The ferric chloride is an ugly thing no doubt. It leaves stains and it
can burn fabrics commonly used in clothing. But even if I dip my
whole hand in it for 5min, all I will get is yellow/brown coloring
on my hand which will be darn hard to remove for a week but
it will not create skin burns or rush or harm me in any other way.
Believe me, it was tested on humans (at first by accident...).
The stain was similar to what you get if handling green wallnuts
(the soft outer shell has juice which leaves dark stains).

And I would have comment on the etching speed. Fresh ferric chloride
should last at least couple of months to half a year with very good results
(ca 10min or faster etching). Maybe you got bad one, or I got lucky
with mine, can't tell for sure. I just think that in process of getting
project complete, time amounts to couple of hours to couple of days.
10 minutes is not going to win the race with more powerfull solutions
but it's so simple to handle (for example, there is no need to mix
acid and watter to get the solution every time you want to make board,
there is very little danger of overexposure etc.).
I used to do 2-3 boards a day at one time. Now I'm so bussy that
I don't have time to do one decent size board more than twice a
month unless is copy of someone else's design.
Don't Panic 8)

It is much more enviromentaly(geeee.... what a difficult word) friendly than ferric chloride. once used it will neutralise itself because of the copper.
What I meant with "do not store in air tight container" is that if you would want to use it again, then do not store the leftover in it. I never keep my solution 'cause it takes me only a couple of secs to make fresh solution.

Stating that you should wear eye protection and simmilar stuff is just for the record to keep my side clean. Who knows what hooligan might use it?

Oh and by the way..... if you spill least your floor will be clean!! :D

Give it a try and let me know

How hard is it to find the Hydrogenperoxide(H2O2 30%)? Over here the stuff we buy at the local stores only have a 3% solution.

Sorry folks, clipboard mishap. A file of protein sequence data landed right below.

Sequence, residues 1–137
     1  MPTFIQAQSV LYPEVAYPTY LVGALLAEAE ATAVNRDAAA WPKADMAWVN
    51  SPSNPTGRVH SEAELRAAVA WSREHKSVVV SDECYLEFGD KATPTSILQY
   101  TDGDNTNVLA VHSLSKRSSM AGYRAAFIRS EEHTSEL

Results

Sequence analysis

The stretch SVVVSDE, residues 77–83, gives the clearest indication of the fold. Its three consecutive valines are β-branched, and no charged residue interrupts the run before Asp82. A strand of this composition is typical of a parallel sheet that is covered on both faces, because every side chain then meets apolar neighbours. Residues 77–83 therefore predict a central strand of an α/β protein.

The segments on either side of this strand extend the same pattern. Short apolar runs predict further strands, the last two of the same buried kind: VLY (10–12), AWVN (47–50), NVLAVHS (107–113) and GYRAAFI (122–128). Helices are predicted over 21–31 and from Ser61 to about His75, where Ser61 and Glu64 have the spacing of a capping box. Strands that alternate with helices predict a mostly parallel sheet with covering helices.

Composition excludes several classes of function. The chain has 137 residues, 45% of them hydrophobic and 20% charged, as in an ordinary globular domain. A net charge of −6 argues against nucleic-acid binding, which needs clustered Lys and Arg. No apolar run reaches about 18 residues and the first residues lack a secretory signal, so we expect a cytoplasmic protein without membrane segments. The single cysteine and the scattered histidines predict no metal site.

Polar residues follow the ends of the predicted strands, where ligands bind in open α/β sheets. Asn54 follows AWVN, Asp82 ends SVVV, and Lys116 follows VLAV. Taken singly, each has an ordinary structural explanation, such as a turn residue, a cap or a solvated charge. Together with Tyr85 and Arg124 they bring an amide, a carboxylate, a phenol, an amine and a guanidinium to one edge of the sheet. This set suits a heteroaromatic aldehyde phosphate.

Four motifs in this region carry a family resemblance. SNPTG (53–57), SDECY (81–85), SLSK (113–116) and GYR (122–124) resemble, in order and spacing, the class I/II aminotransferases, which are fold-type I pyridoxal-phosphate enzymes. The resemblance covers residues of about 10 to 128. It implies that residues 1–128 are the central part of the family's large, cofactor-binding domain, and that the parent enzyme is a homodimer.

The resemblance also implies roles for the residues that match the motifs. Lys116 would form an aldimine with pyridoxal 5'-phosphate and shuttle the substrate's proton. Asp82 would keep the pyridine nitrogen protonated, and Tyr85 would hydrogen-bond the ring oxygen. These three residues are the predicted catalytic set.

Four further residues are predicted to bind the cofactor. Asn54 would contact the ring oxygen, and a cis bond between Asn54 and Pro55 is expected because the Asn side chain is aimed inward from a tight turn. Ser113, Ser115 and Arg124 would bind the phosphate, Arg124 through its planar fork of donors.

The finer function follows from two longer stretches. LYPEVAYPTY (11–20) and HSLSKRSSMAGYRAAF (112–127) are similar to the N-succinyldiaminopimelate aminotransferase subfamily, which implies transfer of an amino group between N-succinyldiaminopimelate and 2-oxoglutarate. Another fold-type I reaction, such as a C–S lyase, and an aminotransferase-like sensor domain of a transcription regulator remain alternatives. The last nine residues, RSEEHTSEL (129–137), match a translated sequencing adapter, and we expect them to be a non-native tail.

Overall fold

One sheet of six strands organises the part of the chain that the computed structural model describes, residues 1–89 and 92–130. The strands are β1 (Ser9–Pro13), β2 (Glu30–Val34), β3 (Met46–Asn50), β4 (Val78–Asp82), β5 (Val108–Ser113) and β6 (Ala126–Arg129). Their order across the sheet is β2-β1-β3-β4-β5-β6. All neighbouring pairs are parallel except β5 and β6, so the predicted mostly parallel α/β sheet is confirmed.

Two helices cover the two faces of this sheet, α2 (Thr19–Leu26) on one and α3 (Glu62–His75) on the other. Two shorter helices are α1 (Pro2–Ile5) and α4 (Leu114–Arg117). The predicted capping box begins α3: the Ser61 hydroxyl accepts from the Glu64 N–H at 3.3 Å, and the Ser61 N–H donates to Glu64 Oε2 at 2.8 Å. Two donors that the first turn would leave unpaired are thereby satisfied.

The 3% solution will not help you.
Go to your local chemist and get some there.
Or any company that sell chemicals.

It shouldn't be to hard to find

Chemistry 101

"Chemist" in the U.K. I believe is "pharmacist" in the U.S.

The eye protection is for the idiot who dilutes his acid by pouring water into it. Never pour water into acid .... always pour acid into water. Anytime you're working with chemicals that could possibly erupt in some way or splash, you need gloves and eye protection. Not a good time to emulate Tim (The Toolman) Taylor here.

HCl is available in the pool chemical aisle at Wal-Mart as muratic acid. Haven't checked the strength of it, though.

This is only a thought, but could you use the muratic acid without the Hydrogenperoxide? I know the muratic acid for pools is fairly strong stuf, but not sure what the Hydrogenperoxide does in the formula?
It's the strange world of chemistry.

Hydrochloric acid on it's own does nothing to copper. It's the combination of Hydrogenperoxide with Hydrochloric acid that does the trick.

Like table salt is made up of the two most dangerous chemicals. Sodium & Chloride.

A site for the "formula"

Harry Lythall's site has detailed PCB etching information using the HCl/H2O2 combination. Click on "Reference" and the top of the page and then on PCB on the following page and you'll see stuff at **broken link removed**

As far as the chemistry goes, you will need an oxidising agent and an acid to etch copper. Some mixtures are outright really nasty, for example, chlorate weedkiller and battery acid will give fumes that explode on their own, to say nothing of the damage to your lungs if you get to breathe any. You should see the rate it eats copper, though!
The combinations are endless, all you need is a long handled grabber to mix things from a good distance!
Kettle descalers are probably useful as acids. bleaches are usually oxidisers, but the fumes are often nasty. Nitrate fertilizers are good oxidisers, but watch out for fumes.
Try anything, but use very small amounts, keep the first tests dilute, use a long handled thingy to keep yourself out of the way, and watch out for nasty fumes.